One fine day I thought to myself "hey, how much nicer would it be to write on the couch or the deck with my iPad, instead of sitting in front of an iMac ?". I remembered my Powerbook era and the freedom that came with it. So I did. Well, I tried. I love the power of an on-screen keyboard that can morph itself to the task at hand but the truth is, I was never able to type on any iPad reliably. Not long-form anyway. So to further test the waters, I paired it with the iMac's Bluetooth wireless keyboard and—after much fiddling and conflicts (always fun to play the Bluetooth whack-a-mole game)—I was hooked. But it quickly became very clear that 1) this combo needed a flat, steady surface to function properly and 2) it was a half-hearted solution: the keyboard was too wide, too heavy, it had no iPad-centric function keys. The setup was right but the gear was wrong. I needed a dedicated keyboard.

Chapter Two: Logitech Keys-To-Go

The Keys-To-Go is an extremely thin and light keyboard, made from what Logitech calls Fabric Skin—a sort of tissue-like material that (they claim) is durable and spill-resistant. Surprisingly, I enjoyed the typing experience despite keys that offered almost no travel at all. I immediately took to it and was even able to easily keep up my usual speed. The problem came with that aforementioned durability: within a few months the fabric began to warp. Not a huge deal...until keys stopped working. I was away on assignment when the R stopped registering, then the S. Within a few days it became a full-on cascading effect. To their credit Logitech eventually honoured their warranty and sent me a brand new unit. But it took a little too much time and when they finally came through I had already moved on. That replacement still works btw. But the fabric is now just as warped as the original unit, even though it's basically been sitting unused. Time bomb? I'll never know.

Chapter Three: Typo—what's in a name?

Ryan. Seacrest.
I almost passed just because of that. Petty? Sure. Except it turns out my instincts were spot on.

The original Typo keyboard was cast into the limelight when the eponymous Seacrest-backed company was sued by Blackberry (!) for copyright infringement. They were selling an accessory that added a physical Blackberry-ish keyboard to the iPhone. And they lost, big time. So they pivoted and re-invented their Typo, this time as a keyboard case for the iPad.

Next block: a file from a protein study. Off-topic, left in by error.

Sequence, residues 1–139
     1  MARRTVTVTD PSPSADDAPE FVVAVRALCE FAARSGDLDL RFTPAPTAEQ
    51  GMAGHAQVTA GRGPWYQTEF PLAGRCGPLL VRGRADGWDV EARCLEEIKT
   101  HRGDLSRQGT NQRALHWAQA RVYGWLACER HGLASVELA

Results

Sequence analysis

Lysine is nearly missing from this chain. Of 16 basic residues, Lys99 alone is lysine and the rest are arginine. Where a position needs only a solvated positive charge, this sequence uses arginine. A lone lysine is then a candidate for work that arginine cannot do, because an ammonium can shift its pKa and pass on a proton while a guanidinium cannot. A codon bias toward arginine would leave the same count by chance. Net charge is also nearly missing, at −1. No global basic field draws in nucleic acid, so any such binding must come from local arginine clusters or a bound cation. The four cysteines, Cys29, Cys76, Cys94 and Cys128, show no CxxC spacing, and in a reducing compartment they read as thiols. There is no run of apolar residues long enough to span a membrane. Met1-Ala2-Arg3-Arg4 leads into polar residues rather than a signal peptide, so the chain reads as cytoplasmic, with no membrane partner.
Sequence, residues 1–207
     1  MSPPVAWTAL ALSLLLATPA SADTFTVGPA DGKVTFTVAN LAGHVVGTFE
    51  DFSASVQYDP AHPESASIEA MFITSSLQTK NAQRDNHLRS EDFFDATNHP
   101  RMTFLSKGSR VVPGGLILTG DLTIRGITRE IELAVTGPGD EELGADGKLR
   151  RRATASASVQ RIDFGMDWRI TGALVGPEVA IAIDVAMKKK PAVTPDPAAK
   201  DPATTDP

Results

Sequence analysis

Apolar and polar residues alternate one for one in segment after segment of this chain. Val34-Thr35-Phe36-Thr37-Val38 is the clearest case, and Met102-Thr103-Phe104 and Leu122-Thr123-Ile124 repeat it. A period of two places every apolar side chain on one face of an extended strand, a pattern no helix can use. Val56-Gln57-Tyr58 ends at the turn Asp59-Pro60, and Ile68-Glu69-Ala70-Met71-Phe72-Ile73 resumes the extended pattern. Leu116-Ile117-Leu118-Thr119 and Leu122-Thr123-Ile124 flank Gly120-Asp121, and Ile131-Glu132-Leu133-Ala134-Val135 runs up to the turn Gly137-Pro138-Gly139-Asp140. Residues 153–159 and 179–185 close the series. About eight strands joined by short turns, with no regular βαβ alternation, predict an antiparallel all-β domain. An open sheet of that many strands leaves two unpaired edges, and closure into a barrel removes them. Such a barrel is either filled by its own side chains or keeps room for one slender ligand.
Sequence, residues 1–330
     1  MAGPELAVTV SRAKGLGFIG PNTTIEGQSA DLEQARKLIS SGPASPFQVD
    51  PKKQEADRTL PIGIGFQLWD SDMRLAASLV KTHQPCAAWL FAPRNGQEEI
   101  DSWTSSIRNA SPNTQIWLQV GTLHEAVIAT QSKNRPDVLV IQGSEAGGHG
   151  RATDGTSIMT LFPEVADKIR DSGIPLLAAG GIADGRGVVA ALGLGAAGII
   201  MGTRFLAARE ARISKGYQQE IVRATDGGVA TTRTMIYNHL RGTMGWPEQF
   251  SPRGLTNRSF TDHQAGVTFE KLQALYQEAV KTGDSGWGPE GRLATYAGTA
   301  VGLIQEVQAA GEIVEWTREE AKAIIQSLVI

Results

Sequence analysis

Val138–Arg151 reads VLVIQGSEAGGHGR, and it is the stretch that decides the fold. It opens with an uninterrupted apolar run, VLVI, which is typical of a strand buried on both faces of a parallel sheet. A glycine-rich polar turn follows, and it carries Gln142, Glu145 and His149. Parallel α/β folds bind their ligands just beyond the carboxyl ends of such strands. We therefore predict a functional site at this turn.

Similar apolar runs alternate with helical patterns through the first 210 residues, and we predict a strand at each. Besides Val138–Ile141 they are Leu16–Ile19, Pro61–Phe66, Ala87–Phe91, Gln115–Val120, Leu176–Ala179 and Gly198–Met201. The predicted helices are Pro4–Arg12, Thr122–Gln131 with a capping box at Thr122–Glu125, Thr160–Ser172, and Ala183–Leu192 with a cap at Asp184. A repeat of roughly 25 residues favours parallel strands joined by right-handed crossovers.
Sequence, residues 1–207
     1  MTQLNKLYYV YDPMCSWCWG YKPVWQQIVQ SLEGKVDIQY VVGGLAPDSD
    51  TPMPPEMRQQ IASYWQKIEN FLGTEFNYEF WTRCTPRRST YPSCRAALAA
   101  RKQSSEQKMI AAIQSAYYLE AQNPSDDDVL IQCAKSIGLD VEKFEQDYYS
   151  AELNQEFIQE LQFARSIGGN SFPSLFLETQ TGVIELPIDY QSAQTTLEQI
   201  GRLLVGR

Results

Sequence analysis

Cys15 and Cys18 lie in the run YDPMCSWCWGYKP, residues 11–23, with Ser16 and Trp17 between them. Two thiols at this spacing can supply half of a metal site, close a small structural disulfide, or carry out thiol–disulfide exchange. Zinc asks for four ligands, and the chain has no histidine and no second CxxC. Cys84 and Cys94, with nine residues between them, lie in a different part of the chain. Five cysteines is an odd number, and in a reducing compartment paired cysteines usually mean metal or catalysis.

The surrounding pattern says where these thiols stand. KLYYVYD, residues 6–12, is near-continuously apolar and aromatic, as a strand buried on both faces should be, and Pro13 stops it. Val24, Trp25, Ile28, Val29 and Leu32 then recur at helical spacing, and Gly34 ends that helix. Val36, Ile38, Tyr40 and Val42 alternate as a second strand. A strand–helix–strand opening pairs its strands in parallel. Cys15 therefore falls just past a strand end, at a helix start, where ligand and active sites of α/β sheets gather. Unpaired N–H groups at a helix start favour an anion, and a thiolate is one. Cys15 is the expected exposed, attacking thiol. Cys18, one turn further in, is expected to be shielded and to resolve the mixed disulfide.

After my experience with the lower-priced Logitech I figured I needed to invest in something more serious. I did a lot of research and eventually settled on two possibilities: the Brydge and the Typo. Both had pros and cons, good and less good reviews, as most products do these days. The Typo was more expensive but it allowed the iPad to be used vertically (which I thought would be nice) and in the end, it came down to laziness: my local Apple store had it in stock.

The keyboard's standout feature when it was released was built-in auto-correct, at a time when external keyboards couldn't access the feature. A few short months later however, Apple released iOS 9—taking away the Typo's big advantage. But the keyboard was never updated and its built-in auto-correct remained, hardwired and impossible to turn off. This may just seem like a minor annoyance but here's where it got interesting: this American-made keyboard (sold internationally) would not type certain non-english letter combinations. And by combinations I mean what writers call W.O.R.D.S. I'm NOT kidding. The Typo would replace certain words with err...typos. For instance, the pronoun he is il in french. Anytime I would type il the Typo would "correct" it to ilfs. Which as far as I know isn't English OR French. I tried everything from disabling iOS auto-correct to trying text substitution...no go. The keyboard would override anything I tried. I emailed support who replied a month later (bra.vo) with a boilerplate non-answer. Again: this $200 keyboard refused to type words I needed to write. Points for originality I guess. When I did manage to type, I usually endedupwithsentencesthatlookedlikethis. Because you see, the space bar was also a very precious little beast that needed a lot of attention. Another "special feature" of the Typo were the two function buttons on the top row (replacing f2 and f3) dedicated to the company's contact and calendar apps. Never mind the design choice of forcing this on users ...those apps NEVER saw the light of day. Not a peep, not even a screenshot. Do we sense a pattern here?

Apps? Who said anything about apps?

Still, I toughed it out, hoping the company would eventually own up to their one and only product with a firmware update, perhaps even release those promised apps. Well, Typo's website is gone and Apple no longer sells the keyboard (they should never have sold it in the first place). A Google search yields very few results (most are about the Blackberry mess) but I've seen it on sale here and there, obviously old inventory certain stores are trying to get rid of. Do not buy this at ANY price. I can't believe no one has taken Seacrest to task on this disaster. If I lived in the US I'd look into suing their ass. Again.

Chapter four: Brydge or How I found Sanity at last

Which brings us to the here and now. I've typed this entire post on a Brydge 9.7—the model for the iPad Air 2 (or 1 or Pro). The same one I almost bought instead of the Typo, so many months ago. Lesson learned.